Things are looking very bleak in Japan:
The Japanese economy, the second largest in the world after the United States, is deteriorating at its fastest pace since the first oil crisis of the 1970s, hurt by rapidly shrinking exports and anemic spending at home in the global financial crisis.
The real gross domestic product of Japan shrank at an annual rate of 12.7 percent from October to December after contracting over the two previous quarters, the government said Monday. In the fourth quarter, GDP dropped 3.3 percent from the previous period.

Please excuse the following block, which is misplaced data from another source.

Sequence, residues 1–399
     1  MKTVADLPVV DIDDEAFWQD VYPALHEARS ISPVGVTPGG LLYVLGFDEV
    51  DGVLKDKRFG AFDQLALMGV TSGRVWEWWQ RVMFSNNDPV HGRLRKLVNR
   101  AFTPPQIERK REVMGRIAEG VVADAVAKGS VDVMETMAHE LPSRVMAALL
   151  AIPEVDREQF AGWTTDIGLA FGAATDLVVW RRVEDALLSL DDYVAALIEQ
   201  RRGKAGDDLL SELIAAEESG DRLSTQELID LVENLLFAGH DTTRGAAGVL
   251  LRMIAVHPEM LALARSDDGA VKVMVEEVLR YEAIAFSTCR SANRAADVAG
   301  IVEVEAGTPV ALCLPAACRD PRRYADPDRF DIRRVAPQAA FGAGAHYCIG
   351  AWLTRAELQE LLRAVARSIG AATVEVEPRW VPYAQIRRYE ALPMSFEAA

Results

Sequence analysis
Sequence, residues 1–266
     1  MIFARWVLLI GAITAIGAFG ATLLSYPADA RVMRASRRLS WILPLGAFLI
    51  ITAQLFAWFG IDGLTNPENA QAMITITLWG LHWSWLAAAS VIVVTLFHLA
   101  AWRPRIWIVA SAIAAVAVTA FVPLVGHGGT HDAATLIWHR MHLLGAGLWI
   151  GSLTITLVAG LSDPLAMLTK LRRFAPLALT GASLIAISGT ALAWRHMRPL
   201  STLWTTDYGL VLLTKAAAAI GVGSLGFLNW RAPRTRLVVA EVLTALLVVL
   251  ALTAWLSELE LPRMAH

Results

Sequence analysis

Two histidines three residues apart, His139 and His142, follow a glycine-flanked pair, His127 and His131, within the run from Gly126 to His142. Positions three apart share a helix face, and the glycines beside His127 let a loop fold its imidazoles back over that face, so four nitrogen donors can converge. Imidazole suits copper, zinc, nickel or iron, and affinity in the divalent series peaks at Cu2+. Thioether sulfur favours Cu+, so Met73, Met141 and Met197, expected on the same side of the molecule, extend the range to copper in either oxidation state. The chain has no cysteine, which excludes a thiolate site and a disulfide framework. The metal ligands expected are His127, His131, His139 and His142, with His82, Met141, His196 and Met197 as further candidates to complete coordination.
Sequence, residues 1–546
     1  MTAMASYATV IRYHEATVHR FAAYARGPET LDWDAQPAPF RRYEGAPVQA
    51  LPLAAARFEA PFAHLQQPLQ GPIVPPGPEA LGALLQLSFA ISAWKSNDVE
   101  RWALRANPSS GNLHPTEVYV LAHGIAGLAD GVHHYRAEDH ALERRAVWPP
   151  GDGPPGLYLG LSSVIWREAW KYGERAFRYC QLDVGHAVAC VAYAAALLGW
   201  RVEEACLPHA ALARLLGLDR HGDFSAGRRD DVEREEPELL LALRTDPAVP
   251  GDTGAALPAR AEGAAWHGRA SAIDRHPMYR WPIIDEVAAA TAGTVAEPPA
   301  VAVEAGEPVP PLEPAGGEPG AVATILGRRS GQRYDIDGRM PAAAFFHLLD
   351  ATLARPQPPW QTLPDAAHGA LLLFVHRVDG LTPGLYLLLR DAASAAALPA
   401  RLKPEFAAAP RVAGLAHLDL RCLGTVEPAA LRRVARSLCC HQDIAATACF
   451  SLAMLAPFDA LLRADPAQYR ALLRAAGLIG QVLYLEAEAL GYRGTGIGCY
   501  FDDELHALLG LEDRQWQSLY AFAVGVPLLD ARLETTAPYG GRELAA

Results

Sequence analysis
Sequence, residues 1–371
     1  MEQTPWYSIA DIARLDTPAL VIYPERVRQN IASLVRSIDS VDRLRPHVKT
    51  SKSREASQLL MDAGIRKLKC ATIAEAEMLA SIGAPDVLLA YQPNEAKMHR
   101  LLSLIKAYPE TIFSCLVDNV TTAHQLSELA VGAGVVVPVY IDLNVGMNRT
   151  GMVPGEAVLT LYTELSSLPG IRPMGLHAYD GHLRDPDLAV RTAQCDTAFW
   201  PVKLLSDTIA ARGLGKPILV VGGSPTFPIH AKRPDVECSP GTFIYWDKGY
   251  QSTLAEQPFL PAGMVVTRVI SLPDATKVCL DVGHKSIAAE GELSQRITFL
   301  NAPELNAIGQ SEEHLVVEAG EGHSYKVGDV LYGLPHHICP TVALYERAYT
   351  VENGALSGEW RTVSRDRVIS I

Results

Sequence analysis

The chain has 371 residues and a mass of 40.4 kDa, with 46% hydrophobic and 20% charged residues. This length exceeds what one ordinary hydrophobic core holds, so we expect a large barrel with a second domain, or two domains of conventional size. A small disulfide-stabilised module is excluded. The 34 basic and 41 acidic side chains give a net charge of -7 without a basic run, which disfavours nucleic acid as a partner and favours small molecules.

Japan is suffering from some of the same conditions as the U.S., including high unemployment exacerbated by an appreciating currency. But Japan is much more reliant on exports than the U.S. is, and has had a much less dynamic economy over the past few decades despite many rounds of stimulus and infrastructure spending. Japan's recovery will likely lag the recoveries of the U.S. and Europe, since they depend so heavily on external demand for their exports. A Fistful of Euros has much more, including a good analysis of why the situation there is likely to get much worse before it gets any better.